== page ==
In a presentation at the McKinleyville Land Trust’s recent annual fundraiser, Wheeler said the field office has planted 400,000 perennial bunch grass plugs since 2008, spanning some 250 acres of small coastal prairies.

The plugs comprise 14 native grass species and many forbs (from the Greek phorbs) which are herbaceous, flowering non-woody plants, as distinct from grasses, sedges and rushes. Examples include clover, sunflowers and daylilies.

The bureau plantings are progress but they come with an important caveat, Wheeler points out. “We augment the composition but we don’t enlarge the area. That doesn’t mean every square foot is occupied, it means a colony has been placed and it influences an indeterminate area around it,” possibly 400 acres in all.

Normally, 500 plugs are planted per colony, with about 800 colonies established so far; they constitute material progress but are well behind the rate at which local grasslands are shrinking.

“I don’t think we’re going to reverse the trend unless somehow we embrace fire in our culture. I’m holding on to the biodiversity and  helping pollinators and wildlife that are dependent on prairie grasslands, but I don’t think we’re going to change it back wholesale to what it was.”

She adds, “On the other hand, I don’t think it’s a losing battle. In the King Range [National Conservation Area in southern Humboldt] there was maybe one prairie’s June grass left. We’re still making substantial progress and we’re using local plant material that comes from the King Range and is used in the King Range. We’re enhancing those native populations. Overall, we've treated about 6% of the grasslands within the field office through reclamation and enhancement so far, and we expect to continue to expand on these efforts.”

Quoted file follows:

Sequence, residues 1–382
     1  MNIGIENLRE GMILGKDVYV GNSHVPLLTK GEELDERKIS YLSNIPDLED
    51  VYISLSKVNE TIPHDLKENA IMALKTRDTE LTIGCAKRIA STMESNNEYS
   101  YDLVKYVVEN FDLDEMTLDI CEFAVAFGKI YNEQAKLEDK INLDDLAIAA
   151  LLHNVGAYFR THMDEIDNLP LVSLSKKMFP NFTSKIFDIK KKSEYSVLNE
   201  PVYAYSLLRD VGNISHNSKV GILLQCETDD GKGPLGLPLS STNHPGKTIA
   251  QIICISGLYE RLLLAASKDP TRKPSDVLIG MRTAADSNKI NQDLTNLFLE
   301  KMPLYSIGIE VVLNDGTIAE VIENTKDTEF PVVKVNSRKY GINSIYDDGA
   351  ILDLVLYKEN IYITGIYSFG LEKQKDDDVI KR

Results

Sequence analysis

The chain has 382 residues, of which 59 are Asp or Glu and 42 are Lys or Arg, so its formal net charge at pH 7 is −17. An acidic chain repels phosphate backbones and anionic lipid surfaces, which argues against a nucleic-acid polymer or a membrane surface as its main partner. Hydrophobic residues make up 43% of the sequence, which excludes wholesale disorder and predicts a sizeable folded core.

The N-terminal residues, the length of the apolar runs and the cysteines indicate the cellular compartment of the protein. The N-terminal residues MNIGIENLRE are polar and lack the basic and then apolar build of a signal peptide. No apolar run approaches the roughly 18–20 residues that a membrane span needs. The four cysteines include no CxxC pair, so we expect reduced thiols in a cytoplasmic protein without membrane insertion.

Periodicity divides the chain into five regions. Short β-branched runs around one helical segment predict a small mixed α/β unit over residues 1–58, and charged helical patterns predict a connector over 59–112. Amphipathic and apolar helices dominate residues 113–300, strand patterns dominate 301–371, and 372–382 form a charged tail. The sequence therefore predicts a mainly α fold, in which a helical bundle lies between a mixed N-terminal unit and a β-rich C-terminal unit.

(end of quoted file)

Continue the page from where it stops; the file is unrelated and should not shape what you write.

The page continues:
Wheeler says organizations like the McKinleyville Land Trust can play an important role in expanding public knowledge of the grasslands crisis, knowledge that is “highly lacking.” People tend to visualize the prairies as an abstraction—“all grasses are the same.” Bunch grass biology is not taught in high school or even in junior college and she first learned about it in an undergraduate, upper division rangeland resource science course at Humboldt State University, where she earned her degree in 1993. “Unless you have a really keen interest in rangeland landscapes, I don’t think you get that education.”

Land trusts can install interpretive panels along trails to enlarge public awareness, set up discussion panels about the ecological benefits of grasslands to pollinators and wildlife and plant small scale colonies of Idaho fescue, prairie June grass and other species, she said.

Public education is also crucial to changing the attitudes of property owners, large and small, toward fire, forestry experts say. Reversing policy from total suppression to controlled burns means addressing deeply instilled popular fears of forest fires. Those apprehensions will have to be counterbalanced with the spread of less well-known information about the ecological and safety benefits of prescribed blazes.